The night was catered to both bass heads and dub step fans alike as the opener played an array of trap and heavy bass music. Crizzly came on first, and went H.A.M. on his set. He opened with electrofused heavy bass tracks that instantly had the crowd moving. The floor was unbelievably shaky from the crowd all jumping and stomping together. In one word, Crizzly's set was insane. He featured tons of crunkstep style tunes which were all type #nasty.
Exciting news for all the Dubstep heads today: Bass Music Boss, EXCISION, announces his massive North American tour dates all over the US and Canada. The Canadian dubstep pioneer is a class act that you just can't miss with his heavy bass drops that will surely have you melting in your seats. His tour begins on January 22 in Spokane, WA and will end on April 19 in Minneapolis, MN, with more than 55 shows in between.
Supporting artists on the tour are French drum and bass DJ team Dirtyphonics and the Canadian glitch-hop guru Ill Gates. These acts round up an eccentric and diverse mix of bass music sub genres that are crafted through creativity and precision.
DJ Muggs, the prodigious DJ for Cyprus Hill, brings forth the new music video for his song Safe featuring the gorgeous and talented Belle Humble.
Known for his experimentation with hip-hop and electronica, DJ Muggs has produced yet another legendary music video for his bass loving fans. Belle Humble’s sweet vocals accompanying the aggressive bass result in a beautiful syncopation.
The music video for Safe, released back in January on the album Bass For Your Face via Ultra Records, is set in a vast Californian desert-land in which an Indian Chief, perhaps a desert mirage, pulsates light and energy around him through his dance. Meanwhile, warrior women clad in Coachella-chic garb, and youngster cowboys wielding bows and arrows observe the enigmatic gesticulations of the Indian Chief.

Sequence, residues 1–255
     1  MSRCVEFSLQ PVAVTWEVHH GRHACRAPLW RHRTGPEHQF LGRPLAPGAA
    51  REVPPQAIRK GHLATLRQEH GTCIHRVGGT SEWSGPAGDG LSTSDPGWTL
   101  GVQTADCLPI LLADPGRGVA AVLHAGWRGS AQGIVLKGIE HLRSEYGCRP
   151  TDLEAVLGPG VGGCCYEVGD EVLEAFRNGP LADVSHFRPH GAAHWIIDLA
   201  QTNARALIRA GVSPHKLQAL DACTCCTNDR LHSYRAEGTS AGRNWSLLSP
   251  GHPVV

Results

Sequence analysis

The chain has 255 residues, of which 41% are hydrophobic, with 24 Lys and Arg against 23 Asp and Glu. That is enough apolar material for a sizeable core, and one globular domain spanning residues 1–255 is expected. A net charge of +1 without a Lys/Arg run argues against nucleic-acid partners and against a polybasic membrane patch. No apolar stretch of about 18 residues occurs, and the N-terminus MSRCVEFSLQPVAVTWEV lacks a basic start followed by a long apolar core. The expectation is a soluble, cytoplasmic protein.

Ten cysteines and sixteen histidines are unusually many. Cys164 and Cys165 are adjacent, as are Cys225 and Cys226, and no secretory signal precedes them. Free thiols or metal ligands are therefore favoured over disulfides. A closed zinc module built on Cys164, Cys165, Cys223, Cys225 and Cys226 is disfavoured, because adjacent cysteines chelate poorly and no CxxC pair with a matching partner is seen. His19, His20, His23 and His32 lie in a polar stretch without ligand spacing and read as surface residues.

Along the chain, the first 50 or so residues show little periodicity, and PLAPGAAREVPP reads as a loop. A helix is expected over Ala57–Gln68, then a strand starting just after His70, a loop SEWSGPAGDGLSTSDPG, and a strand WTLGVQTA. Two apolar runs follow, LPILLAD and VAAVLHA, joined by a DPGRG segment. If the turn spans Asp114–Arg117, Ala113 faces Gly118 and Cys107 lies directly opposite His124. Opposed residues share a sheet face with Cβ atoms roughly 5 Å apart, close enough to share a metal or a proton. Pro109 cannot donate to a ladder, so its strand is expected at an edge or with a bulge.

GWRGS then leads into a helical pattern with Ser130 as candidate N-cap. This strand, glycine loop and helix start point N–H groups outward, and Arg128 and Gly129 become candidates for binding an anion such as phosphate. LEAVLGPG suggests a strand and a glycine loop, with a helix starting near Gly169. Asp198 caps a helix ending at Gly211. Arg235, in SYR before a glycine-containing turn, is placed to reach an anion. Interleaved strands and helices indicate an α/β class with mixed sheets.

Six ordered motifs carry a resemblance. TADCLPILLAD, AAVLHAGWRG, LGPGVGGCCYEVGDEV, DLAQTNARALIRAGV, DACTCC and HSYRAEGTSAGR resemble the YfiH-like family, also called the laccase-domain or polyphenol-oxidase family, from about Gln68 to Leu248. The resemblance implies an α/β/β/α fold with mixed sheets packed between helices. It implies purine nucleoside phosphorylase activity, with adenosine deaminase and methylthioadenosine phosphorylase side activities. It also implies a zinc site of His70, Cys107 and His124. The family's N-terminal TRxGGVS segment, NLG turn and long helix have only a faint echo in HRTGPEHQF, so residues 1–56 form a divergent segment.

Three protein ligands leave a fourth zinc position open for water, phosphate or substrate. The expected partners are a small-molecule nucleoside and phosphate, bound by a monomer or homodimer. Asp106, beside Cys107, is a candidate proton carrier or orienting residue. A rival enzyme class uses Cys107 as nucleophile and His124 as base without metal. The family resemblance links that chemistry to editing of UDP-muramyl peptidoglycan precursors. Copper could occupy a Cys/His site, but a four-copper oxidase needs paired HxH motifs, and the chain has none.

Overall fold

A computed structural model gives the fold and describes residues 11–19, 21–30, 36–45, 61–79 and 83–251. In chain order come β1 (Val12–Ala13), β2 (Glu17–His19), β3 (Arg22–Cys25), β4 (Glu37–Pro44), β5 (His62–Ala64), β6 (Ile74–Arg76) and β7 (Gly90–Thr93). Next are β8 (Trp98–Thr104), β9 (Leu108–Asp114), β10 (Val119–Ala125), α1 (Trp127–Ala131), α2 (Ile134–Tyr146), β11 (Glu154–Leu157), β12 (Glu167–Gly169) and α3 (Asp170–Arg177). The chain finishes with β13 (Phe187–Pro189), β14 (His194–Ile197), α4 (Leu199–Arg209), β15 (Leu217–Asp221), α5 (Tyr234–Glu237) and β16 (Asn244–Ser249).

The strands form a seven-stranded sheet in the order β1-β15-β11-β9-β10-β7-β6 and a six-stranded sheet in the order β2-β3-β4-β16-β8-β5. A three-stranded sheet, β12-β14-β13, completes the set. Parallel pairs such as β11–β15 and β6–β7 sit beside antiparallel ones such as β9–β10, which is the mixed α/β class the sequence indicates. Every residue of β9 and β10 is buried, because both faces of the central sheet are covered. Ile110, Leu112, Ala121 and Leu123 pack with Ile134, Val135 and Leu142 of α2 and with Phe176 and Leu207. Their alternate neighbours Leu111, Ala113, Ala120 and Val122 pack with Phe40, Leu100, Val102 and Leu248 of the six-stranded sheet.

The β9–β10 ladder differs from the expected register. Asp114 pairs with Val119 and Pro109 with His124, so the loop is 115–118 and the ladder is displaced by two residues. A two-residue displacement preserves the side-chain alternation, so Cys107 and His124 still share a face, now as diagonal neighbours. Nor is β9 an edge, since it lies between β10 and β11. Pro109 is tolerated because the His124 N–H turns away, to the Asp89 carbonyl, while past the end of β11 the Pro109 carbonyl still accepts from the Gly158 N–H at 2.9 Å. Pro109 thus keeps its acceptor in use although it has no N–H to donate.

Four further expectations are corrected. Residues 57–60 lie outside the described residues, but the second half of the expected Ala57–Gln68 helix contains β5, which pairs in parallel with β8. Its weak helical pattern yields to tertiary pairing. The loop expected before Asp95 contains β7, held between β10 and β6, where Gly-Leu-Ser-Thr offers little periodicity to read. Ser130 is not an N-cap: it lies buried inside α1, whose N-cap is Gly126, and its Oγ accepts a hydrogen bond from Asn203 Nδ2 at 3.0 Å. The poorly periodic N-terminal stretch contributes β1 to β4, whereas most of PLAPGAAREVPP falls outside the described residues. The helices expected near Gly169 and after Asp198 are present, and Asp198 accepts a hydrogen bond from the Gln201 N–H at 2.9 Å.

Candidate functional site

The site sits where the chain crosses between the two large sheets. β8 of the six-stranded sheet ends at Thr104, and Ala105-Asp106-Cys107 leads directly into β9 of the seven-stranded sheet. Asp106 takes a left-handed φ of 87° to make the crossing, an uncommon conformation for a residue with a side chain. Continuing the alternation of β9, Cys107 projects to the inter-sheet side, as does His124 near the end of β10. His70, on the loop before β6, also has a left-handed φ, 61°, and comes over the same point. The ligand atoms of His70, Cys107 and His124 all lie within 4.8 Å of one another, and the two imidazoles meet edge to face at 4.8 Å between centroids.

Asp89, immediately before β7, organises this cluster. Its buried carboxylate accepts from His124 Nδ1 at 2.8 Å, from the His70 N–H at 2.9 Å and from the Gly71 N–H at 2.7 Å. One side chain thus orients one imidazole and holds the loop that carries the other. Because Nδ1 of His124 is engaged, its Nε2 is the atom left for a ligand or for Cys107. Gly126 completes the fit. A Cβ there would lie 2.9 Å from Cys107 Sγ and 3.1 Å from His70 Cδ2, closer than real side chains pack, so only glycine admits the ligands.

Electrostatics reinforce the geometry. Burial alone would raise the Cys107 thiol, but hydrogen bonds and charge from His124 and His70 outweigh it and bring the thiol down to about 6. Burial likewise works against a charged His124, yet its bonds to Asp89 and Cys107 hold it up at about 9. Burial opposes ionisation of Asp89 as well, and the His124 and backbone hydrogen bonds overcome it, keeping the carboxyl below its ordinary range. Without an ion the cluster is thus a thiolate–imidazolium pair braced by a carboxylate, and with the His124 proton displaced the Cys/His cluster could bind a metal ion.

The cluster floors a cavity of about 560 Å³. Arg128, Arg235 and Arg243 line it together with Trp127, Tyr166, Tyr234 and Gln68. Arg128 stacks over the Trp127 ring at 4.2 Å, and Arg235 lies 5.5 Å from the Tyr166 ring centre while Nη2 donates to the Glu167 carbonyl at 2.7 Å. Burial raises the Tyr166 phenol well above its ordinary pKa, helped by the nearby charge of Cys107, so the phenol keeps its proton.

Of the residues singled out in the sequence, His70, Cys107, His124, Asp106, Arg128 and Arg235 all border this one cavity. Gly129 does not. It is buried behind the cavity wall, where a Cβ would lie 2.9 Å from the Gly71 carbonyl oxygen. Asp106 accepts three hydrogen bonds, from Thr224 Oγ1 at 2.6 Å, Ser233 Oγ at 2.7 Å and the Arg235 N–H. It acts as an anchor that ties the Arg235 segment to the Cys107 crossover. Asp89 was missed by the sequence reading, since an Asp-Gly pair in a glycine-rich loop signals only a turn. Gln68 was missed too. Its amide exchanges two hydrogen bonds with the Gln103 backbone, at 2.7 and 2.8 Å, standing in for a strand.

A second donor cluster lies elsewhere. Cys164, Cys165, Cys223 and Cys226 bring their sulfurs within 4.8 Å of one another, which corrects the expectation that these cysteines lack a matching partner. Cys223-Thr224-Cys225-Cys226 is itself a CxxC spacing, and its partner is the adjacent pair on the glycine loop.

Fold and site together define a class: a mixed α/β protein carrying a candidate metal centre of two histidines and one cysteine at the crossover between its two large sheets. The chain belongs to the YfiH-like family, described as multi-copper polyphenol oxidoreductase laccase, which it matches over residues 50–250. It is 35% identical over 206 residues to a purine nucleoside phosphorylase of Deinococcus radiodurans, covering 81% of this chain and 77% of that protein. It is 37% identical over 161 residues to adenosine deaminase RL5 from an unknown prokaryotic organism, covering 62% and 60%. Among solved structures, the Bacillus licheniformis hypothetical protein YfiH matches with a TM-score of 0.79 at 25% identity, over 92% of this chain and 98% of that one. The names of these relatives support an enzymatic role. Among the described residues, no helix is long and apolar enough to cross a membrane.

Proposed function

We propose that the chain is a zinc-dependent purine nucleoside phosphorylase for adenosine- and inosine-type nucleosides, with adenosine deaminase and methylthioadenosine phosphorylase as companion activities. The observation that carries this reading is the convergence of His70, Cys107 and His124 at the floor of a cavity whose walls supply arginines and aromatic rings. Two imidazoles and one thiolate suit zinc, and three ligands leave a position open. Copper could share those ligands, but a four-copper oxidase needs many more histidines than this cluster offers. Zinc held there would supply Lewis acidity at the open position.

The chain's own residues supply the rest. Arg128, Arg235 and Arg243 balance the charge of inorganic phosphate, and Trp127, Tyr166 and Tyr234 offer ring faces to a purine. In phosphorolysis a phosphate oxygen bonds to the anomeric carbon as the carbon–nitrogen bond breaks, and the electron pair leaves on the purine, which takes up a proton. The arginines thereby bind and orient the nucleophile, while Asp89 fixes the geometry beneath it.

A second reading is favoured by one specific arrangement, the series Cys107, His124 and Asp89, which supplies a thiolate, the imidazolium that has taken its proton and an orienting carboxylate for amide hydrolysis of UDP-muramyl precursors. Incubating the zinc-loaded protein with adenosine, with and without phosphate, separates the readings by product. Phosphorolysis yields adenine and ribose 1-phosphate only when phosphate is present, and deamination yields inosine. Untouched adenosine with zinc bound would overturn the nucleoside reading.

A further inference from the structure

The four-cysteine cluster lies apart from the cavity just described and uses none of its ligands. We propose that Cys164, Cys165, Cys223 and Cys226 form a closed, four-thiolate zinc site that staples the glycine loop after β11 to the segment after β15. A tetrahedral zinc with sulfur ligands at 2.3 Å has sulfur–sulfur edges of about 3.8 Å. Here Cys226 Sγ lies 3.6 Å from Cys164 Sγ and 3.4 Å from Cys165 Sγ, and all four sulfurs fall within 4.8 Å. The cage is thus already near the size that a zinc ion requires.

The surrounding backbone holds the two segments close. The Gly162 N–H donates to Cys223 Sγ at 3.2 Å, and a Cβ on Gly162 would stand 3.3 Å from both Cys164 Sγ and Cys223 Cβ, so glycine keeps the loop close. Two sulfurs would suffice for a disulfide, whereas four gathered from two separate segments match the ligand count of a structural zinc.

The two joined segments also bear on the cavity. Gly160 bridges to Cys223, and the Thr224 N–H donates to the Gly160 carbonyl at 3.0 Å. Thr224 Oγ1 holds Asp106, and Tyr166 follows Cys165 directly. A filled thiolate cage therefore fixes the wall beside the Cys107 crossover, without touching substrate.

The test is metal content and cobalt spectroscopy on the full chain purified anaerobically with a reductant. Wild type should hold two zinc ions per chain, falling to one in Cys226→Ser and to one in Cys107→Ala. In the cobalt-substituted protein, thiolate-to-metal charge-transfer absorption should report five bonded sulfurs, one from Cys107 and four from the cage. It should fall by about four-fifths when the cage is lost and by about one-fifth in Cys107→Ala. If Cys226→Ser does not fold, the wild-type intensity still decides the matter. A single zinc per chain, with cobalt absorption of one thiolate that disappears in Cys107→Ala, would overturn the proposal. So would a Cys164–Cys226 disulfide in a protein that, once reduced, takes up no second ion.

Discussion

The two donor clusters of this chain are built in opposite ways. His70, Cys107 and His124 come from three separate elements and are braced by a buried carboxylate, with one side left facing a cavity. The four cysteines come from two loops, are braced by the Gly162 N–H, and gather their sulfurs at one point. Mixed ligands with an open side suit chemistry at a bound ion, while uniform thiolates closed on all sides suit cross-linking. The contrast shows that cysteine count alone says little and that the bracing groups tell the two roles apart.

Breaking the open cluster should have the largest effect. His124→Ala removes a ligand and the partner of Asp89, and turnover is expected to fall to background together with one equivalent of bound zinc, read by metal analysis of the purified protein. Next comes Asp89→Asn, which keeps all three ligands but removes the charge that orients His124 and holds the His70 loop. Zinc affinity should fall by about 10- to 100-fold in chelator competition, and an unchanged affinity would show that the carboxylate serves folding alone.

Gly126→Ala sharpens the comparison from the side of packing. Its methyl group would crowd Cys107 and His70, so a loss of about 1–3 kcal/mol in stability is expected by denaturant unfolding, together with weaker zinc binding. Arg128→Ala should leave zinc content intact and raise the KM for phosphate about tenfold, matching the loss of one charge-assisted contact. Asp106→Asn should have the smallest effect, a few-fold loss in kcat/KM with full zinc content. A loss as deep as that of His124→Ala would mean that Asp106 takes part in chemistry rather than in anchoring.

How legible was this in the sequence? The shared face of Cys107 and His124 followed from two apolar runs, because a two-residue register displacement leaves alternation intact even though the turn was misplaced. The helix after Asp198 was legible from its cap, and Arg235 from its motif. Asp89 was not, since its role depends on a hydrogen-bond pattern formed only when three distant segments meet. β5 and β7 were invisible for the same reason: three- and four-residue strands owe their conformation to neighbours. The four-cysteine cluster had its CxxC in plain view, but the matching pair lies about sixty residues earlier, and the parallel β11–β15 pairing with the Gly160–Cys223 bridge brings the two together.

Altogether a trippy and beautiful video that serves to highlight DJ Muggs and Belle Humble’s unique musical talents.
Watch the video below:
It’s hard to see people step away from something they loved. It’s even harder to see people leave something that they help give recognition to through hard work and dedication with a negative feeling of resentment. Dubstep music producer Oliver Dene Jones aka Skream has recently announced his departure from the music genre that he has help build into a global craze.
The British-native DJ went public with his decision just a few days after Johnathan Gooch aka Feed Me went viral on his Twitter with his retirement from DJing. Skream, who help made Dubstep into an international phenomenon, explains that his departure from the genre is wildly due to his lack of inspiration he has experienced from Dubstep in the past years. “I’ve done Dubstep since I was 14 but there’s no way I’m going to be dictated to. I stopped because I’m not inspired by it anymore,” he told U.K.’s Daily Star in an interview about his departure. Skream also went on to explain that Dubstep has just been reduced to a name and that the movement was over. He also stated in the same interview that his performance at the Red Bull Music Academy was his final Dubstep set that he would performing for the time being.